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March 12, 2020
If you own an RV or camper, you know one thing to be true—your rig spends a lot of time in storage. Sure, you’d love to be out exploring the countryside more often, but real life tends to get in the way. Even if you spend a few weeks per year on trips, you’ll still be storing your RV more often than not. That said, having a good storage plan in place can make RV life more convenient, and it can help keep your RV in better condition for years to come. Take a look at these RV and camper storage ideas to get started.
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To get started, we are going to highlight a few mistakes that you’ll want to avoid when storing your RV or camper:
Establishing a covered parking spot for your RV will go a long way toward protecting its condition. While RVs are designed to be exposed to the elements, leaving them out in the weather all year long is just asking for premature deterioration. If you can add a metal RV carport to your property, you’ll have an affordable solution that will keep your RV out of the weather and in great condition for upcoming trips.
Hopefully, you will be able to keep any unwanted moisture out of your RV while it is stored. That’s the goal, but real life isn’t always so kind. Keep the curtains up in your RV while it is parked so sunlight can get in during the day. If there are some damp spots, the sunlight may prevent the development of mold. Of course, in addition to leaving the curtains up, it’s also a good idea to check in on the RV from time to time to make sure it’s staying dry inside.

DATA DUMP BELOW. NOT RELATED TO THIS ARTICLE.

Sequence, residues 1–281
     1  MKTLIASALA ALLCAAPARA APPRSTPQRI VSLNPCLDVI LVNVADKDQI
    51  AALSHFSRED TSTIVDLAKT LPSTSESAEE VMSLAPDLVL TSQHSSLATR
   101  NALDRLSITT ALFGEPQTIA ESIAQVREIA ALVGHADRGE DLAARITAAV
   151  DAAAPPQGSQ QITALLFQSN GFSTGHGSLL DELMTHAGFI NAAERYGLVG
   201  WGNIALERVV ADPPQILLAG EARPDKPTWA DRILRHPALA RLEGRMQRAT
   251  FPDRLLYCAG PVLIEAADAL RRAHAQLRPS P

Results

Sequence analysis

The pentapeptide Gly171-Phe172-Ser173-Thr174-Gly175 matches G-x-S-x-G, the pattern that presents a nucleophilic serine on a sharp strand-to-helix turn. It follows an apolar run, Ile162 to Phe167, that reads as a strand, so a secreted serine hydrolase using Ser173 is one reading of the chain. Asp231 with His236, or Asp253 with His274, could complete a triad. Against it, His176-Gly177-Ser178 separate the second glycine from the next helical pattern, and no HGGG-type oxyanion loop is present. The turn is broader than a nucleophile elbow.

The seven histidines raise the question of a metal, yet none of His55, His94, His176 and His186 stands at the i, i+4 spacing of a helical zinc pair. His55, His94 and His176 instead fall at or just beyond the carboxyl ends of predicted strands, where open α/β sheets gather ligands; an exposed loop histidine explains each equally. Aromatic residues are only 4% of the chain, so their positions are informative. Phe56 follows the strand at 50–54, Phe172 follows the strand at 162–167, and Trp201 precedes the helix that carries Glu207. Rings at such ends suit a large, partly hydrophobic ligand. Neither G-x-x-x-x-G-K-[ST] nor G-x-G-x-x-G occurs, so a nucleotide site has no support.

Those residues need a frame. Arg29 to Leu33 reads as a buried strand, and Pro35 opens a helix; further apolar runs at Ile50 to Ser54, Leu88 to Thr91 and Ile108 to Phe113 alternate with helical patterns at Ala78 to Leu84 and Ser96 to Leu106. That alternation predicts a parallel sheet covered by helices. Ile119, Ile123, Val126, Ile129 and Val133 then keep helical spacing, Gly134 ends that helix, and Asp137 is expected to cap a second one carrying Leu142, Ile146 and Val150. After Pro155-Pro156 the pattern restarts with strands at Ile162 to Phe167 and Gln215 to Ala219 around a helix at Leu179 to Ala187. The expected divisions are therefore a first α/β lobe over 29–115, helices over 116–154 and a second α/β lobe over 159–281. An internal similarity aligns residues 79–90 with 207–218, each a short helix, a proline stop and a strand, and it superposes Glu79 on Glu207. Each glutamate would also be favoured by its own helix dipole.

As you get ready for a long period of storage, take a careful look around the exterior of your RV and seek out spots that might let little critters inside. Remember, small rodents and other animals can often squeeze through very tight spaces, so even the smallest crack could be an issue. Seal the rig up to the best of your ability to keep rodents out and to prevent yourself from finding an unwanted surprise when spring rolls around.
This tip doesn’t apply to campers, but it is important for any RV that has tires, such as a motorhome or trailer. When you store the rig for a long period of time, that period of inactivity can be hard on your tires. RV tires are expensive to replace, so it’s in your best interest to care for them while in storage.
For starters, check the air pressure and make sure there is plenty of air in the tires before you leave it parked (the air pressure might be a bit low after a long trip). Also, try to move the vehicle from time to time during the storage period to alter which portion of the tire is resting on the ground. Finally, do what you can to keep the tires out of direct sunlight, as the UV rays are hard on the rubber. If needed, you can purchase tire covers to help guard against sun damage.
A metal RV carport is one of the top RV and camper storage ideas to provide your vehicle with the shelter it deserves. Keeping the rain, snow, and sun off your RV while it is stored will help preserve its condition and should cut down on maintenance requirements down the road. Plus, with American Carports, Inc., you can customize your RV carport exactly to your liking with our Build & Price tool so that it meets your exact needs. We look forward to serving you!